SLIPS as anti-ice and anti-frost coating for metal surfaces
A team of researchers from Harvard University devised a new way to combat ice and frost on various surfaces, including metal surfaces. Once coated, the surfaces quickly shed condensation droplets as well as frost simply by employing gravity. The technology could find its use as a coating for a wide variety of metal surfaces used in refrigeration systems, wind turbines, aircraft, marine vessels, and the construction industry.
Led by Joanna Aizenberg, Amy Smith Berylson Professor of Materials Science at the Harvard School of Engineering and Applied Sciences (SEAS) and a Core Faculty Member at the Wyss Institute for Biologically Inspired Engineering at Harvard, the group decided to use Slippery Liquid Infused Porous Surfaces (SLIPS) coating they developed earlier. However, applying SLIPS directly onto metal surfaces proved to be tricky.
As a solution, Aizenberg and her team developed another coating capable to stick to metal, thus enabling the SLIPS to adhere on its other side. The coating can be applied over a large scale and finely sculpted to lock in the lubricant fit metal surfaces of various shapes.
“Unlike lotus leaf-inspired icephobic surfaces, which fail under high humidity conditions, SLIPS-based icephobic materials, as our results suggest, can completely prevent ice formation at temperatures slightly below 0°C [32°F] while dramatically reducing ice accumulation and adhesion under deep freezing, frost-forming conditions”, said Aizenberg.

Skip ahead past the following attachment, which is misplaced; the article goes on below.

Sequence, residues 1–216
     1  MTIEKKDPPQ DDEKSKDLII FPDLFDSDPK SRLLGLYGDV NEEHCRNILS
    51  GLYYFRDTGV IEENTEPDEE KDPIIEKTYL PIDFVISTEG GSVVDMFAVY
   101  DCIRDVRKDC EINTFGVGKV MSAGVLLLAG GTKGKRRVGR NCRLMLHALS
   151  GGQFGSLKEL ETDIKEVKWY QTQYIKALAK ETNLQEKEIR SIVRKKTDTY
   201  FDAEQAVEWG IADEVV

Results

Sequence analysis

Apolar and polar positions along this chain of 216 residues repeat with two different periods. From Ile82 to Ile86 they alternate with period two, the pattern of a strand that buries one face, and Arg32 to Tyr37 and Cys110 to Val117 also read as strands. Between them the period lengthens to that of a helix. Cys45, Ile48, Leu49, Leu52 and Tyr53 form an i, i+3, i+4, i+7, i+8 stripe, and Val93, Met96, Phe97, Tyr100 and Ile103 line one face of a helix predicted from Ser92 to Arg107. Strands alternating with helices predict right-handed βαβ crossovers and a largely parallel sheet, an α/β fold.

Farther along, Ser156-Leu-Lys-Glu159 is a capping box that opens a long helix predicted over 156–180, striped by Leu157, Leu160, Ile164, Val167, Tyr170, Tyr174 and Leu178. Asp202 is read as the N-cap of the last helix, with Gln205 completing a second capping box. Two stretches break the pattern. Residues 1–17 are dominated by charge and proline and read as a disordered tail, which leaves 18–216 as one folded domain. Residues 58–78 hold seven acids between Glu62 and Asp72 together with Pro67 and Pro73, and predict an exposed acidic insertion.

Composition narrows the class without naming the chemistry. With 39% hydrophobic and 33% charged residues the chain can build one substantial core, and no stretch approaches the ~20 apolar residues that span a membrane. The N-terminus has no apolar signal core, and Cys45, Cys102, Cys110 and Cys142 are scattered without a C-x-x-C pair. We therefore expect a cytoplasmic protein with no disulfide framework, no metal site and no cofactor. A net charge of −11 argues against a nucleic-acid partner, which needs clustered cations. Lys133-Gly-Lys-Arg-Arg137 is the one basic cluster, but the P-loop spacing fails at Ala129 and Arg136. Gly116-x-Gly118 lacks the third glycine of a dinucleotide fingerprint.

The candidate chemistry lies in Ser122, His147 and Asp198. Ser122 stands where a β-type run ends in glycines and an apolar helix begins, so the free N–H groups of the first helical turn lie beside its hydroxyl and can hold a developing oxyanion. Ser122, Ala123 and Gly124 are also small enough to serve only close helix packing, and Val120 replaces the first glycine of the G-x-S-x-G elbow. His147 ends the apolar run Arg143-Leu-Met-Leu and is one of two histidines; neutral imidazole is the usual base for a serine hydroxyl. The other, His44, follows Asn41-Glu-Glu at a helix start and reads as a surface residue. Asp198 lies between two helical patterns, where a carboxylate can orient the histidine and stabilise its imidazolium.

To demonstrate the robustness of the technology, Harvard researchers successfully applied it to refrigerator cooling fins and tested it under a prolonged, deep freeze condition. Compared to existing “frost-free” cooling systems, their innovation completely prevented frost far more efficiently and for a longer time.
In addition to allowing for the efficient removal of ice, the technology lowers the energy costs associated by several orders of magnitude. Thus, the readily scalable approach to slippery metallic surfaces holds great promise for broad application in the refrigeration and in other high-humidity environments where ice-repellant surfaces are desirable. All you need is to tilt or slightly agitate the surface, with forces as low as weaker winds or vibrations.
“This new approach to icephobic materials is a truly disruptive idea that offers a way to make a transformative impact on energy and safety costs associated with ice, and we are actively working with the refrigeration and aviation industries to bring it to market”, said Aizenberg.
For more information, read the paper published in the ACS Nano: “Liquid-Infused Nanostructured Surfaces with Extreme Anti-Ice and Anti-Frost Performance”.